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LSU researchers investigate the effects of nanoparticles on cell freezing
Ram Devireddy, assistant professor of mechanical engineering at LSU, recently co-authored an article with Todd Monroe, assistant professor of biological and agricultural engineering, investigating the complex effects of nanoparticles on cell freezing. The report was published in the prestigious journal Nanotechnology.
The results of their study - while not what they expected - could end up impacting cancer treatment. Devireddy and Monroe initiated a study to investigate the effects of gold-based nanoparticles, or microscopic particles equal to one-thousandth the thickness of a single strand of human hair, on cell transport and the response of those cells after being frozen. Their hypothesis: nanoparticles would alleviate the damaging effects generally caused by the freezing process.
"Most cells are like bags of water," Devireddy said. "Ice crystals have sharp edges that tend to poke the cells and break them up, causing damage. That is why, for example, frozen food, when thawed and cooked, tends to be ‘mushier' that fresh produce."
The researchers, along with graduate students Sreedhar Thirumala and Julianne Audiffred, used the nanoparticles to replace dimethylsulfoxide, a commonly used cryoprotective agent.
"Cryoprotective agents, or CPAs, have long been used to alleviate freezing injury and to enhance the number of cells that survive the freezing process," said Thirumala. The drawback is that CPAs can also cause cell death when used in high concentrations and need to be removed from cells immediately after freezing.
Devireddy and Monroe believed that nanoparticles might act as a benign replacement for CPAs. To test this, they added commercially available gold nanoparticles to cells suspended in a culture medium.
However, contrary to their initial hypothesis, Devireddy and Monroe found that the nanoparticles did not significantly change the freezing response of either HeLa cells, which are derived from a specific cervical cancer cell line, or Jurkat cells, cancer cells commonly used in research due to their abnormally rapid growth rate in lab conditions.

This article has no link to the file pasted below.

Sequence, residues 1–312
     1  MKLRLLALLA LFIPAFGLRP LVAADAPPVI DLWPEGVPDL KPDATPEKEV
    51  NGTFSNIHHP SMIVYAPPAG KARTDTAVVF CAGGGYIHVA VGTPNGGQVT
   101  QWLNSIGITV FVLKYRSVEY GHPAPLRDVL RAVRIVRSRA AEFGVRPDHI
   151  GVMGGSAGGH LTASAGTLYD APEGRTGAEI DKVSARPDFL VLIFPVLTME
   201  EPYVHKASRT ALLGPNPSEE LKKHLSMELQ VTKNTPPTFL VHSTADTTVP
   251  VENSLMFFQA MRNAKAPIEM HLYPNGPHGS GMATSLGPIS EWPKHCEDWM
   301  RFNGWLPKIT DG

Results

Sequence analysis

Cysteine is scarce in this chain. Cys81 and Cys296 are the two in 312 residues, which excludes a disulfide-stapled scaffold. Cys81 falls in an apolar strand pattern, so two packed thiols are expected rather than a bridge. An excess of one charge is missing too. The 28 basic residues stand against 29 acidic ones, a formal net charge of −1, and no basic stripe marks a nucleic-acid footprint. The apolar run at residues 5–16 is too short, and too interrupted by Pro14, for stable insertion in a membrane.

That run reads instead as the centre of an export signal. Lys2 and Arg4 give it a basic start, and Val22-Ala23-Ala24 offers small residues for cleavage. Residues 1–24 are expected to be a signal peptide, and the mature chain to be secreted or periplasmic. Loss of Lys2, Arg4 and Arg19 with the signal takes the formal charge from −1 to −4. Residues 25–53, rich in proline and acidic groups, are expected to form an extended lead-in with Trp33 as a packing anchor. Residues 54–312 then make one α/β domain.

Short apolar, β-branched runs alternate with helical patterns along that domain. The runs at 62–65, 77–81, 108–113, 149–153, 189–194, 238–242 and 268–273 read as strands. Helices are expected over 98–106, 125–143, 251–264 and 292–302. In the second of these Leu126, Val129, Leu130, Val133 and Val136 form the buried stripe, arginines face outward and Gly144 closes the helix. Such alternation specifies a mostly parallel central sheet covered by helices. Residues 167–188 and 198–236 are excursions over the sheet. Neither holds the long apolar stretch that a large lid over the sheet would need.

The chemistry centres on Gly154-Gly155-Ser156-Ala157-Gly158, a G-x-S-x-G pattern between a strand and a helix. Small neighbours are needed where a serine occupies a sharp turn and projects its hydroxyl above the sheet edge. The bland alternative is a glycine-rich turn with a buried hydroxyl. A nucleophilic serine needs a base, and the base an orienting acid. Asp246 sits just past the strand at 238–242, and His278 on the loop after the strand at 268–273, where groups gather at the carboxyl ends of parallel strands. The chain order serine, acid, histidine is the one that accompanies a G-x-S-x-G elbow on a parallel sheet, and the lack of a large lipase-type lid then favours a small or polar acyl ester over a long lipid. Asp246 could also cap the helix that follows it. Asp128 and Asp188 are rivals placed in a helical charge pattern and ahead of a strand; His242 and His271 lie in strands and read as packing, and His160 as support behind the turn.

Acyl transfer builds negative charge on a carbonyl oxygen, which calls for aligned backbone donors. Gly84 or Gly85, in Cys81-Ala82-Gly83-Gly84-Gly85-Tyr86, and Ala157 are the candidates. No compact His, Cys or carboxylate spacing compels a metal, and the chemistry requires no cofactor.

While test results showed that the nanoparticles were not as effective in protecting frozen cells as the more traditional CPAs, there was significant damaging interaction between the nanoparticles and both HeLa and Jurkat cells, suggesting the need for more research.
Potential practical applications for such research includes improved cryosurgical procedures, which are non-invasive procedures used to eradicate cancer tumors inside the body by cooling them to extremely low temperatures.
Both Devireddy and Monroe plan to pursue this project, citing their teamwork as a driving factor in the effectiveness of their research and teaching.
"The benefit of having each other to ‘cross-train' our students also better prepares them for future careers in bioengineering research," said Monroe.
About Louisiana State University
Each year, LSU conducts more than 2,500 sponsored research projects funded by more than $140 million in external grants from the National Science Foundation, National Institutes of Health, NASA, National Endowment for the Humanities, and many others. Within those projects is work that may one day cure diseases, unearth artifacts and species of animals thought never to exist, save lives in the face of a natural disaster or expand the perception of the world’s great writers and artists.
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